HA HA HA HA HA DC got nothing for nothing. And your unconstitutional gun laws will keep coming down.. Why won't you PAY UP? The regime running the city owes the lawyer that WON the Supreme Court case $3.5 million. And 7% interest for every day you don't pay up. I hope he sues and confiscates all the cop cars and auctions them off to get his rightful money.
What this means is that the 'taxation without representation' unconstitutionality is overridden by the gun ban unconstitutionality.

As long as moneyed lobbies can affect the democratic process, true democracy for DC is held for ransom.
I read the article and the comments. It truly is amazing that the anti-gun folks attack the NRA and those who support it on a very personal level, but the pro-gun rights folks stick to the LAW and the facts.

Gun laws are people control laws. The DC government does not trust the PEOPLE to act responsibly. How far would or will they take this? FREEDOM has responsibility. I want the freedom to be an equal citizen which means that all of the rights of the bill of rights are mine. If a government restricts those rights an I a free citizen?

Yes, I live in Virgina and I am a responsible gun owner.

Can we just flip the script on this? I don't need a single Rep in the House; don't actually believe it will make any difference to political life in DC. So let's just get rid of the Fed tax, and turn "no taxation without representation" into a fact, rather than a complaint?
Here's the thing with this. The fact that people say the gun laws are unconstitutional (which I don't think they are) is completely irrelevant. DC should either get a vote in Congress or its residents should be completely exempt from all federal taxes. Having passed 7th grade social studies, I know that we revolted from England in large part because of taxation without representation. What's fair is fair, and attaching anything to a bill that addresses this problem, be it another representative in Utah or draconian pro-gun laws that completely imposes the "Big Government" on DC that conservatives claim to so despise, is anathema to what this country was supposed to be founded on.
You pro gun control folks are racist tools.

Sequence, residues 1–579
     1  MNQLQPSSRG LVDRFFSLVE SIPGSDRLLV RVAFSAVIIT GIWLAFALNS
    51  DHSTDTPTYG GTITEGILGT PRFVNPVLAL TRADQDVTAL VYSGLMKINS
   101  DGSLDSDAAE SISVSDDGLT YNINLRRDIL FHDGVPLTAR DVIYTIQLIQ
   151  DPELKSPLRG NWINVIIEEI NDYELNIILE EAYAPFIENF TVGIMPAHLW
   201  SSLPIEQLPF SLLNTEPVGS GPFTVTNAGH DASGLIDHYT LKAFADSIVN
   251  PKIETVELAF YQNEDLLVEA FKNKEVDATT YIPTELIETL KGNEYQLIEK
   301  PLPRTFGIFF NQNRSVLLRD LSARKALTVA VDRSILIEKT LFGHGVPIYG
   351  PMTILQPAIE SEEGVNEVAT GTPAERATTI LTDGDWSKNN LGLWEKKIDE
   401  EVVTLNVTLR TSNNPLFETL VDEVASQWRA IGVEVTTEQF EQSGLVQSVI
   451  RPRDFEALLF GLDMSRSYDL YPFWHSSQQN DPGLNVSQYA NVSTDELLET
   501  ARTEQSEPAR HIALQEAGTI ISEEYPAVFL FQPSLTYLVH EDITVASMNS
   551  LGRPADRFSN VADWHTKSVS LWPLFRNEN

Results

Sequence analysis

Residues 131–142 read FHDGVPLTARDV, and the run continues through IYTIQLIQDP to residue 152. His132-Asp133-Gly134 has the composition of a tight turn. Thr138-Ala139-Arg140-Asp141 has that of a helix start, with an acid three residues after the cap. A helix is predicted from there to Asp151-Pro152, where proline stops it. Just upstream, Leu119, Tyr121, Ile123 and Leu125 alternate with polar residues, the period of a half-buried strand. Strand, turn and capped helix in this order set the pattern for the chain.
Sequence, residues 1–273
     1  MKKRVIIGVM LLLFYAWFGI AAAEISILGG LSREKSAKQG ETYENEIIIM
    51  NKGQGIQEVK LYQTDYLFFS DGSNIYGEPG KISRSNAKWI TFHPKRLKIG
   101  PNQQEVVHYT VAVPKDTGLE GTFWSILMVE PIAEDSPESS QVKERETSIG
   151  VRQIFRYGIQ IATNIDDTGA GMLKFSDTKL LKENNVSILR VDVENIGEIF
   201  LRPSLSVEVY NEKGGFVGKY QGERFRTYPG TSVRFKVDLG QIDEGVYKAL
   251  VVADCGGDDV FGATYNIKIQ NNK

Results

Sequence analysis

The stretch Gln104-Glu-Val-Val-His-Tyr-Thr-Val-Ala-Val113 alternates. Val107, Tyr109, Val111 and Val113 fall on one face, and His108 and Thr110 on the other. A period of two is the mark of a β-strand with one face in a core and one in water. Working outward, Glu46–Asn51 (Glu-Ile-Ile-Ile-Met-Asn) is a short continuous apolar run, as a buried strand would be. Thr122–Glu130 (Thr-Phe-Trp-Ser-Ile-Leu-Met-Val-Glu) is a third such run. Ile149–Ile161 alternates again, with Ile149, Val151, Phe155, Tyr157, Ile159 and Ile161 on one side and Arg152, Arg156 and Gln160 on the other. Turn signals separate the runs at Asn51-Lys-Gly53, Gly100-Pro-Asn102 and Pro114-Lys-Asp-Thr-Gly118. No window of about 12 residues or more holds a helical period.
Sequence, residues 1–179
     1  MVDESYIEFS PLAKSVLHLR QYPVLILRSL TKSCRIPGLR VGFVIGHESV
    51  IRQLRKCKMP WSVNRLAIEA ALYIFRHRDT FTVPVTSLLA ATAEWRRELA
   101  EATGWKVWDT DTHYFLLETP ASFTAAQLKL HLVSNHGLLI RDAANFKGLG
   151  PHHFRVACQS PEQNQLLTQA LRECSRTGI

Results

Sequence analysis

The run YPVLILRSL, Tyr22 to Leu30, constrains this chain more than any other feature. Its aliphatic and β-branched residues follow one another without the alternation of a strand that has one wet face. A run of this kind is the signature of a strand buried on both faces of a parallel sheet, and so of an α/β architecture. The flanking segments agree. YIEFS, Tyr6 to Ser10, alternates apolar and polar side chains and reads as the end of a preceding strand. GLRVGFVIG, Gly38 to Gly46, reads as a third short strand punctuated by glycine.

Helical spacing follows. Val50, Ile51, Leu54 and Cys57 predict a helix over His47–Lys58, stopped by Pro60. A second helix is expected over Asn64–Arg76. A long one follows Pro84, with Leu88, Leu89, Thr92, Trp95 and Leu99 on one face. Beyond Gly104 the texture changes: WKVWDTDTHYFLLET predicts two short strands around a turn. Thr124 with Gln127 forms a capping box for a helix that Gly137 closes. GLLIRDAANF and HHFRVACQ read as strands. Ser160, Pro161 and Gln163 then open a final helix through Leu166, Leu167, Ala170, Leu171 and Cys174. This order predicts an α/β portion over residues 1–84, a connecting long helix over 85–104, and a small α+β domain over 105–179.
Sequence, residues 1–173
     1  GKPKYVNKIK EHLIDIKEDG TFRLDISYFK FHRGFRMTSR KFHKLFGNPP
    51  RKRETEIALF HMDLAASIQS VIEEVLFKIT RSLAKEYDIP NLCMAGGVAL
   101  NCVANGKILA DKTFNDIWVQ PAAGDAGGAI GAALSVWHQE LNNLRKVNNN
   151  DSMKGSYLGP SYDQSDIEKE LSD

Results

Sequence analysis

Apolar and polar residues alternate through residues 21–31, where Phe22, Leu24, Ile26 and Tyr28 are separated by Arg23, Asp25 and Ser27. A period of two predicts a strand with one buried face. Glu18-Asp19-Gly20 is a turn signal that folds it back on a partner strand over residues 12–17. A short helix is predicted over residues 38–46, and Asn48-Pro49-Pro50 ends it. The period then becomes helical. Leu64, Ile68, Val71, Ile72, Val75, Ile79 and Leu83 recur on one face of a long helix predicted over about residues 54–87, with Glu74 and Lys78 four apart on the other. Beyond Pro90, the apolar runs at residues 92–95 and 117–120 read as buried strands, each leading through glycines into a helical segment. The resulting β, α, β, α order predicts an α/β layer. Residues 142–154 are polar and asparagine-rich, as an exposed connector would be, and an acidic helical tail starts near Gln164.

As a 69 year old native Washingtonian, I fought for Home Rule and was a delegate to the Constitutional Convention for the State of New Columbia. I am a life member of the NRA and a certified instructor in most disciplines with the NRA.

In the article Councilmember Michael Brown , an attorney, is quoted as saying "Let's say there was a court challenge and the voting rights issues were knocked down on Constitutional issues." This point is most important because it is clear that attempting to achieve a vote in the House of Representatives through means other than being a state is unconstitutional. But no matter. The policitians in this City have never had a problem with violating Constitutional Rights, and gun control is a perfect example of this fact.

The law that was struck down by the Supreme Court was composed in the legal offices of the Metropolitan Police Department by lead attorney Vernon Gill and Godfrey Alprin, his subordinate. The law was written by police for the benefit and protection of police. The irony is that a District of Columbia Court of Appeals decision in the Carolyn v. Warren case held that the "... police are" der no duty to provide protection to individual citizens." This case is the most guarded secret om town. You never see it quoted in the Post or discussed by Kojo on his radio show.

So if the police don't have to protect you then who does? And should you be limnited in the means of protection? Shouldn't you have the same weapons available to citizens in other jurisdictions and the Metropolitan Police Department since you face dangers at least equal to those they face? With reqpest to the right to carry 40 of the 50 states permit citizens to carry concealed weapons when licensed. So why are we out of step with 80% of the nation? Finally, crime had gone down in the City since the Supreme Court's decision in the Heller case not up. Murders are down, not up since the Court'
s decision.

Please excuse the errors in my comments. I hope that you will not cite them as a basis for dismissing the comment. The quote for the Warren case should read :...are under no duty..." and the second correction should be to the 3rd paragraph 6th sentence which should read " This case is the most guarded secred in town." In the first sentence of the 4th paragraph after And should you be limited as opposed to "limnited." In the 4th sentence of the 4th paragraph after With it should read respect versus "reqpest."